Gluteus Maximus and the Hamstrings- The flexion at the hip in skiing is maintained by Glut Max and the Hamstrings working through both Isotonic contraction modes, and Isometrically to maintain stability and absorb shock. ISOLATED: Butt Blaster, Leg Curl (both standing and lying) COMPOUND: Squats, Leg Press, Lunges and Step-ups.
Hip Adductors- The 3 Adductors are used (especially in beginners) to control the width of your ski track, and strength here is very important. Low pulley Adduction, Lower leg raises, Lying Bench adduction, Seated hip Adduction machines, and the standing multi-hip machines.
Hip Abductors- The 2 Abductors are excellent hip stabilisers, and assist in some steering manoeuvres. Low Pulley Abduction, Side leg raises, Seated Hip Abduction machines and the standing multi-hip machines.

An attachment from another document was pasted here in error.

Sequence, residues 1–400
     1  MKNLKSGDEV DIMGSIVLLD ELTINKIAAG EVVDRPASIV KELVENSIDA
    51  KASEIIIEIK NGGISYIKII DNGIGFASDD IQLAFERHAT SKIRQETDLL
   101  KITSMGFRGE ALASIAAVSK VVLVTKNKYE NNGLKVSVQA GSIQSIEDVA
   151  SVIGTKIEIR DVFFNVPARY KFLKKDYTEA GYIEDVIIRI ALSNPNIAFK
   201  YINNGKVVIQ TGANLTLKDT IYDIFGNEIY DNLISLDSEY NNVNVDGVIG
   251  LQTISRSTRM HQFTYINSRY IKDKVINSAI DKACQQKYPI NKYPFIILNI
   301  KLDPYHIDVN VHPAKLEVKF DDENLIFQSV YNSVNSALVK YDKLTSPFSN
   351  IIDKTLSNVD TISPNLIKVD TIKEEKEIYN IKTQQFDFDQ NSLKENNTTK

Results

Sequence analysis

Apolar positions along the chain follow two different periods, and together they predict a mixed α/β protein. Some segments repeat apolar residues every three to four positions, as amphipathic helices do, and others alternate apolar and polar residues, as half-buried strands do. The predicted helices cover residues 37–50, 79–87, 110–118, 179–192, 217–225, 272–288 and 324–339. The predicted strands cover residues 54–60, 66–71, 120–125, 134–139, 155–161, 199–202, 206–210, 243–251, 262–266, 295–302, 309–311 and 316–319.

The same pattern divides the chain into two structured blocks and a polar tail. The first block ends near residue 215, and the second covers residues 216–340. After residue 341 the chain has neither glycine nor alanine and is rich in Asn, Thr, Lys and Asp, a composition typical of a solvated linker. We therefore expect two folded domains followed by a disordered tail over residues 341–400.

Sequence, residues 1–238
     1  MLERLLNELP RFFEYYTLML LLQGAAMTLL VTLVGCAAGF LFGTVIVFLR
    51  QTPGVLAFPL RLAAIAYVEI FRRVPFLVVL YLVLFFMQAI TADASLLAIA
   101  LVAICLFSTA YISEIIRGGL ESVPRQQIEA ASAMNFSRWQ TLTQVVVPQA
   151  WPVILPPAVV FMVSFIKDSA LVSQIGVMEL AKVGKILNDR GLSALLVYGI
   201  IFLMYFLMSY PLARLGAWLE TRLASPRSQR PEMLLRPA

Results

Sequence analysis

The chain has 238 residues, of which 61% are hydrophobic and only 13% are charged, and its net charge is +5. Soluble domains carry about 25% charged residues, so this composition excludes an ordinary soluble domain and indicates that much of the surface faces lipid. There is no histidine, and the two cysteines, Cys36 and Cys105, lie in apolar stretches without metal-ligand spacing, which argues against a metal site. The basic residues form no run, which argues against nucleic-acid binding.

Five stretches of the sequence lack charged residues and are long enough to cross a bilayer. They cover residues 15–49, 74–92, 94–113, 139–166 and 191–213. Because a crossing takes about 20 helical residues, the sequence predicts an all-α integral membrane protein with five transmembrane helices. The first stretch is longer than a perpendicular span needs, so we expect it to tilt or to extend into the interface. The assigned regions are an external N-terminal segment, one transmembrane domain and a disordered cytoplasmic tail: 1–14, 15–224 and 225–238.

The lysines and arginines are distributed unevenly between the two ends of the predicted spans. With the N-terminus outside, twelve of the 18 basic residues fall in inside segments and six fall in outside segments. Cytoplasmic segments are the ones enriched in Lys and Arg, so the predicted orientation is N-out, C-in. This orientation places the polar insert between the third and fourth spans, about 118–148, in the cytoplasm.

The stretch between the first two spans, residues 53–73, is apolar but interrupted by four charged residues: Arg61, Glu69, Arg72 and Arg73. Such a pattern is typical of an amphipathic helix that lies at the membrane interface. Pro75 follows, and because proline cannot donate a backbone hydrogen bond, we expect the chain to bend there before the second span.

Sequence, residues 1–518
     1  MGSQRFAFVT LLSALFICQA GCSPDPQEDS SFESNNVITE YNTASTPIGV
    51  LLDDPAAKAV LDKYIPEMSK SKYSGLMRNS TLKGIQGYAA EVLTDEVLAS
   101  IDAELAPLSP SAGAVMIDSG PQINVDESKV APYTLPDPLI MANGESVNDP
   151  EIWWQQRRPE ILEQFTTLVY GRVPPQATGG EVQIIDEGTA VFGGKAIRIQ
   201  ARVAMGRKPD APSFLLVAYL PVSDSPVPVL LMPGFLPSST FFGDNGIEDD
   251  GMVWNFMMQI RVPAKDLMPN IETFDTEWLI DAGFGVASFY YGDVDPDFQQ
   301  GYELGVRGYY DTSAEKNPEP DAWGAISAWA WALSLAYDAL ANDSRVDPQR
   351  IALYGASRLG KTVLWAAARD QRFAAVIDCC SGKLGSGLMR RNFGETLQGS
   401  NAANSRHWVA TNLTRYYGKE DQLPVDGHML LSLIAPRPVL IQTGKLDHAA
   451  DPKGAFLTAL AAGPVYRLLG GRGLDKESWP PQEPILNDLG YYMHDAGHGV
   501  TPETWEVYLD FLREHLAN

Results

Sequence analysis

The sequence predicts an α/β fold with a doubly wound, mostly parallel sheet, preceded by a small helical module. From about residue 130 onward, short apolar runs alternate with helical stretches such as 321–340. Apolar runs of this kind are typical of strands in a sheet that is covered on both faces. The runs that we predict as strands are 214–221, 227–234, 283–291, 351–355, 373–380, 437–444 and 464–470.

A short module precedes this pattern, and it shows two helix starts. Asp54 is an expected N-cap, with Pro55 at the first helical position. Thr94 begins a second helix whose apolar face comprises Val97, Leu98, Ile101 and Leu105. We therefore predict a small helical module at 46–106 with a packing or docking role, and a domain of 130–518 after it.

Hip Rotators- (Internal and External) The hip rotators are a very important muscle group for beginners and are still used by more advanced skiers. They are the fine steering control muscles. Low Pulley Hip Rotation. Isometric hip rotation strengthening exercises in a doorway.
Most of the above muscles are worked when you do aerobic work like cycling, rowing, stepping, running, skipping, swimming, aerobics and slide. This will be covered later in this article, but I believe specific strengthening of these muscles must be undertaken as well.
Erector Spinae- Because of the trunk flexion stance that most people undertake when skiing downhill, the lower back muscles are working overtime, so specific strengthening will help reduce back ache. Back contractions, alternate arm-leg raises, back extension on the roman chair and the 45 degree back extension.